AbstractThe dynamics of inertial particles have a profound influence in countless contexts in the natural and manmade world. Whether it be droplets of water advected in the atmosphere that cluster and collide to form rain, or volcanic ash clouds carried on the winds that
ground aircraft and block out the sun, inertial particles are prolific in their influence on our lives. An inertial particle is an object with material density different to the fluid in which it resides.
This density difference causes heavy aerosols to be ejected from vortices, and light bubbles to migrate towards vortex centres. These behaviours characterise inertial particles and underpin complex particle processes such as clustering and droplet growth. Due to the breadth of important length scales in many two phase systems, different models are required for different parts of the scale space.
We present a hierarchy of modelling approaches that efficiently capture the inertial properties of particles and can be applied to a wide range of problems. Beginning with comparisons between Lagrangian particle trajectories and experimental results from the literature, we identify, and present solutions to, complications in numerical integration of the Maxey-Riley equation. The numerical model is applied in a paradigmatic vortical flow to help understand the influence of the Basset history force on particle trajectories. For applications with smaller particles, we develop an Eulerian description of the dynamics of particle ensembles. The method is a discretisation of a transfer operator that efficiently captures the important properties of large numbers of particles; its algorithmic complexity is independent of the number of particles, even when collisions are considered between them. Two methods for detecting particle collisions that dramatically improve on algorithmic complexity of pairwise detection schemes are presented and compared. Despite the philosophical difference between the Lagrangian and Eulerian approaches, comparisons between them produce remarkably similar results.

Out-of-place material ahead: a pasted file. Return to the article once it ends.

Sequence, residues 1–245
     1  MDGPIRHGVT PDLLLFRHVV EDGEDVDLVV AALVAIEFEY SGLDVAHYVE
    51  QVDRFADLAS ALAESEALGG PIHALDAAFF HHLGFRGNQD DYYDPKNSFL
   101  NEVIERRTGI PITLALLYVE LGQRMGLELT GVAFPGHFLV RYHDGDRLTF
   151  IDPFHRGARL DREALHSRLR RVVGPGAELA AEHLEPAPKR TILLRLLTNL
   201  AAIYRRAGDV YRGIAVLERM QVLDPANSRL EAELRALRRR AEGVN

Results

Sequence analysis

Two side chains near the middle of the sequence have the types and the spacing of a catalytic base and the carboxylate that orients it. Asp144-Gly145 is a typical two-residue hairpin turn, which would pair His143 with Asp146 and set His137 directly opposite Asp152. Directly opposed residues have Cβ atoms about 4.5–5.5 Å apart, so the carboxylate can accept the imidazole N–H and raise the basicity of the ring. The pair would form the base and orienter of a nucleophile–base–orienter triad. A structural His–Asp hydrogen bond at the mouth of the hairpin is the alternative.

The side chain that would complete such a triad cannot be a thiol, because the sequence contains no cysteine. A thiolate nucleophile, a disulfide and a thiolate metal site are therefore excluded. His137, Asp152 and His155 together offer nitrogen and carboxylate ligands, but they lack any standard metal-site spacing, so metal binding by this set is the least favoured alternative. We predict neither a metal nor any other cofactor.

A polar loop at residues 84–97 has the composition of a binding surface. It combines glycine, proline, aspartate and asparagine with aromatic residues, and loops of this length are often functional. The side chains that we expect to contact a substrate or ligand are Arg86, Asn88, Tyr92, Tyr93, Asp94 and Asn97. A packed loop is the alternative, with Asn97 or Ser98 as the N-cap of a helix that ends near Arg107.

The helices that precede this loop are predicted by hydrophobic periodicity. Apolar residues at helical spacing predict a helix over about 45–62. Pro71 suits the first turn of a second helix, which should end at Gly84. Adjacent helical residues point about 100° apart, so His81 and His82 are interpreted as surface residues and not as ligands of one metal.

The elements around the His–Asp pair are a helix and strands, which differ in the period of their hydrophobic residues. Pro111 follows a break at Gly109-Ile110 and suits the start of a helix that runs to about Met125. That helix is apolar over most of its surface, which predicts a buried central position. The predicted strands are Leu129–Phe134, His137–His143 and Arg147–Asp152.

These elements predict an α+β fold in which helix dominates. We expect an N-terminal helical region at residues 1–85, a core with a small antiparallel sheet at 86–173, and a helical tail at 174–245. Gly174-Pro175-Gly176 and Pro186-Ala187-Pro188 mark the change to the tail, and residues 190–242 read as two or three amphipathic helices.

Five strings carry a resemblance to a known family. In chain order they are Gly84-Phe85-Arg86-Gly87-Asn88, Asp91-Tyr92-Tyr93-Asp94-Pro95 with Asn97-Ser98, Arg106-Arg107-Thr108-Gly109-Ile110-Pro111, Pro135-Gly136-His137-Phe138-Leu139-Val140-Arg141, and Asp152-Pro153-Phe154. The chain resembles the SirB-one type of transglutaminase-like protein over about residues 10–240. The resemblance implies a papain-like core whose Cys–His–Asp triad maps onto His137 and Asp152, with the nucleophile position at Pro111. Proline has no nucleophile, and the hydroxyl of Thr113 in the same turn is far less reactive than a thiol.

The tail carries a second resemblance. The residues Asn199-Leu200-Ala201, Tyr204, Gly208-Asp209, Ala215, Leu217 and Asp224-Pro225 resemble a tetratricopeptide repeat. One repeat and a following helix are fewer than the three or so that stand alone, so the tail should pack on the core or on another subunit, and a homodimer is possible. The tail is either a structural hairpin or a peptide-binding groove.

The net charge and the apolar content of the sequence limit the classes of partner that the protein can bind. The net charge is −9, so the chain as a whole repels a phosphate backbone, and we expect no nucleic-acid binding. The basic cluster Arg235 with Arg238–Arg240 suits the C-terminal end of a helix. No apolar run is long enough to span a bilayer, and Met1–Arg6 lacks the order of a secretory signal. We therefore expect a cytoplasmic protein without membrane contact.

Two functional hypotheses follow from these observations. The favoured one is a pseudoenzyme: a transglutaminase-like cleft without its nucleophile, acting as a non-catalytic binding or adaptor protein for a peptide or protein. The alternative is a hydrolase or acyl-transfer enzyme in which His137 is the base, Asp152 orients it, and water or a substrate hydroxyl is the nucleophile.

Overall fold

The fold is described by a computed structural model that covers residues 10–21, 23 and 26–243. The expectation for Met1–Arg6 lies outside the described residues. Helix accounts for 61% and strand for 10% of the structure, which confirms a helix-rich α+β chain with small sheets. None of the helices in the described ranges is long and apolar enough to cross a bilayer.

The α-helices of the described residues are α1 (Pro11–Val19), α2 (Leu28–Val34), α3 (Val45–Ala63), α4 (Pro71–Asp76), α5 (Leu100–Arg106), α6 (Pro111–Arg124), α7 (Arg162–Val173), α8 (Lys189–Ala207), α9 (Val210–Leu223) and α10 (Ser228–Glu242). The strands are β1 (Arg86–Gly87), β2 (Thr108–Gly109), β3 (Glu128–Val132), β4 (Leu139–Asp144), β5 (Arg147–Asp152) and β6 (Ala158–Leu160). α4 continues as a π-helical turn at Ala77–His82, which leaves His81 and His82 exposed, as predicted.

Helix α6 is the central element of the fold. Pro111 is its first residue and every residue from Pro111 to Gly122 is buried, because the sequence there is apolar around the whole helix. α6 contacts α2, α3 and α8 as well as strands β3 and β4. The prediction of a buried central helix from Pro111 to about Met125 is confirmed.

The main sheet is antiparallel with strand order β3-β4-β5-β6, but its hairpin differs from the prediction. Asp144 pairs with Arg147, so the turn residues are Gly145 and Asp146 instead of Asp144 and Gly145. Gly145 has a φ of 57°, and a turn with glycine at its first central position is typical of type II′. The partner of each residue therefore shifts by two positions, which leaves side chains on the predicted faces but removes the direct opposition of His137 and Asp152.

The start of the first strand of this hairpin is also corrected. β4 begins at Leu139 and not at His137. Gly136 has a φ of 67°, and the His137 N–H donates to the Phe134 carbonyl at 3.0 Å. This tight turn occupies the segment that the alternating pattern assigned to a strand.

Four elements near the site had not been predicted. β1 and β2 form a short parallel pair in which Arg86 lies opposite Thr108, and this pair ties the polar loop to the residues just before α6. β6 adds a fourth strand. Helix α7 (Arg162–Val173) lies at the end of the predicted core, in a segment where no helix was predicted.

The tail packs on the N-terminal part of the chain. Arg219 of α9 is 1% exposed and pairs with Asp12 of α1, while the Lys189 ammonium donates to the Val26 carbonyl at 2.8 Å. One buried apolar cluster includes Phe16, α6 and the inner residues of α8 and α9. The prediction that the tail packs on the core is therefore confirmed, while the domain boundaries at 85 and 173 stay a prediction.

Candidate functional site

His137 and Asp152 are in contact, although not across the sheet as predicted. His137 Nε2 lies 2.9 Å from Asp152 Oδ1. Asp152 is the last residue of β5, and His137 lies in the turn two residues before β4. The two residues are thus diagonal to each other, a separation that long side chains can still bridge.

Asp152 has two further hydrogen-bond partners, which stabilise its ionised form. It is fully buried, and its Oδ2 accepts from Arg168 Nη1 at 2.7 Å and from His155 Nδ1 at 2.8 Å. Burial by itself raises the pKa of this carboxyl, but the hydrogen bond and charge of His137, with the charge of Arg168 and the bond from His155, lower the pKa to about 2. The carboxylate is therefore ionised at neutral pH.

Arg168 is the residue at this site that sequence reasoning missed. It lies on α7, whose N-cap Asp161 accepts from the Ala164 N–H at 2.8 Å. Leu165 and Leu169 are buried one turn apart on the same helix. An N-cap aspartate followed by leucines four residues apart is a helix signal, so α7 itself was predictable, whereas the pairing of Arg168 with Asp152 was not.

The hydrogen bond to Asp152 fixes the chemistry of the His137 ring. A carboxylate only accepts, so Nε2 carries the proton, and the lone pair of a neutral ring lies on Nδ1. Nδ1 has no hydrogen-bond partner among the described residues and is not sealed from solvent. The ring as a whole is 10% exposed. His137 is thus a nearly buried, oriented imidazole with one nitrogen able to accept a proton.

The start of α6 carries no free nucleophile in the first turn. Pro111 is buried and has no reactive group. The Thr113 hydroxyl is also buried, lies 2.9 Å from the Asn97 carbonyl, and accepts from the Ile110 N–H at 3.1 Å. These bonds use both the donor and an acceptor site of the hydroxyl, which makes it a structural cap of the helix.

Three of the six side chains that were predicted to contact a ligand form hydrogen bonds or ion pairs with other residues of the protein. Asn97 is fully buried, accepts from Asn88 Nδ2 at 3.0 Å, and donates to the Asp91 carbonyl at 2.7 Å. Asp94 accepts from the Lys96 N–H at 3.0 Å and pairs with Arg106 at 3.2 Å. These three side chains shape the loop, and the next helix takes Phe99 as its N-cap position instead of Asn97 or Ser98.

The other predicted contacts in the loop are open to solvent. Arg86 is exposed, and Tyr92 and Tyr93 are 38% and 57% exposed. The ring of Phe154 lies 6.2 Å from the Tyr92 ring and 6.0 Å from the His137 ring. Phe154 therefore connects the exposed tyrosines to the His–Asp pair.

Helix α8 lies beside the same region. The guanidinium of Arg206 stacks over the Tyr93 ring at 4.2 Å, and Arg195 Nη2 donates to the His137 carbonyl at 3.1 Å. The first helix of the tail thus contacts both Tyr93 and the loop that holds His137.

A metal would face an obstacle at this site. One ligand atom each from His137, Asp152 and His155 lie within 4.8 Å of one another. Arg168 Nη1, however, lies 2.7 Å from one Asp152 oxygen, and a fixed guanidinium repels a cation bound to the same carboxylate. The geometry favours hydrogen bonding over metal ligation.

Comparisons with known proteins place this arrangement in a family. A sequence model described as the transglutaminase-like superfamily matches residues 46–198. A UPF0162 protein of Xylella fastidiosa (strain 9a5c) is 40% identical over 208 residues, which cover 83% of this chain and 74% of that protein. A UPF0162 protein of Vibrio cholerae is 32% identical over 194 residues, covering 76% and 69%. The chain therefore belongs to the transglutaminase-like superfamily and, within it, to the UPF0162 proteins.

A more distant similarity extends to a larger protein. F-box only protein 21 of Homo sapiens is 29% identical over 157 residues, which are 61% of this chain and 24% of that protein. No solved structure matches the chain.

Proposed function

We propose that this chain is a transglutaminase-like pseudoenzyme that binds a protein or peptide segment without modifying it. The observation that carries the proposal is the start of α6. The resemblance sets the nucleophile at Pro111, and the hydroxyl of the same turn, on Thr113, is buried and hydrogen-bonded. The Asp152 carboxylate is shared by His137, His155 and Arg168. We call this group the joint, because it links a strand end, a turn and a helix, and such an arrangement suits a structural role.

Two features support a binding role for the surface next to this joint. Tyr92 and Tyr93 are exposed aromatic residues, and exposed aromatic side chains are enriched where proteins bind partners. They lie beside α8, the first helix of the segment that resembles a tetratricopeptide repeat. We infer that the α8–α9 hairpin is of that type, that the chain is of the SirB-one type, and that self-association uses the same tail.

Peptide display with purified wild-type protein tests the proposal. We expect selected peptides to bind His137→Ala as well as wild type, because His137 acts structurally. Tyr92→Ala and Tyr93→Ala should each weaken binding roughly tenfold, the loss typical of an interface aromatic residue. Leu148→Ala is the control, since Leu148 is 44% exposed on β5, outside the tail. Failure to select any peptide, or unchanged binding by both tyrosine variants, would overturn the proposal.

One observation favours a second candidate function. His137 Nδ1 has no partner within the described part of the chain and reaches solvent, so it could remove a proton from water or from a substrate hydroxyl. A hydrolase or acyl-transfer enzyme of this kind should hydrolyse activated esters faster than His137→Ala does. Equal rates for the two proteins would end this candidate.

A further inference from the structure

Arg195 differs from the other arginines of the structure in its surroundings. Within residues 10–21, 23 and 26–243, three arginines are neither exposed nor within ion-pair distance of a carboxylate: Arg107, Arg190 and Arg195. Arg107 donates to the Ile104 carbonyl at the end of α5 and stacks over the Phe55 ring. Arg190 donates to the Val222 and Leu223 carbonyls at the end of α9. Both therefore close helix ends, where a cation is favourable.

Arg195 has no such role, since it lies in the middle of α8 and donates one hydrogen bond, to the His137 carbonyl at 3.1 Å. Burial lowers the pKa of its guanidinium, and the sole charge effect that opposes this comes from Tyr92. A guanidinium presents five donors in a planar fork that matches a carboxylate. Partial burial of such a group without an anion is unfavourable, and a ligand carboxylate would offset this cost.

Our methods are then applied in a decaying turbulent flow to investigate sedimentation rates and particle clustering. Throughout, great care is taken to understand the nuances of particle dynamics, allowing parallels to be drawn between behaviours in steady and turbulent flows. From the perspective of the particles, we show that there is very little difference between particle clustering in steady and unsteady flows, provided a range of length scales are present in both.
Work is also conducted that explores the influence of the Basset history force in a range of contexts: vortex ejection, collision rates, and clustering. In decaying turbulence, the Basset force is shown to have a significant effect even for dense aerosols. With reference to these results, we discuss the decay rate of the Basset kernel relative to the decay rate of the turbulence, and question whether its form is appropriate in such contexts.
|Date of Award||1 Oct 2019|
|Supervisor||Andrew G W Lawrie (Supervisor) & Robert Szalai (Supervisor)|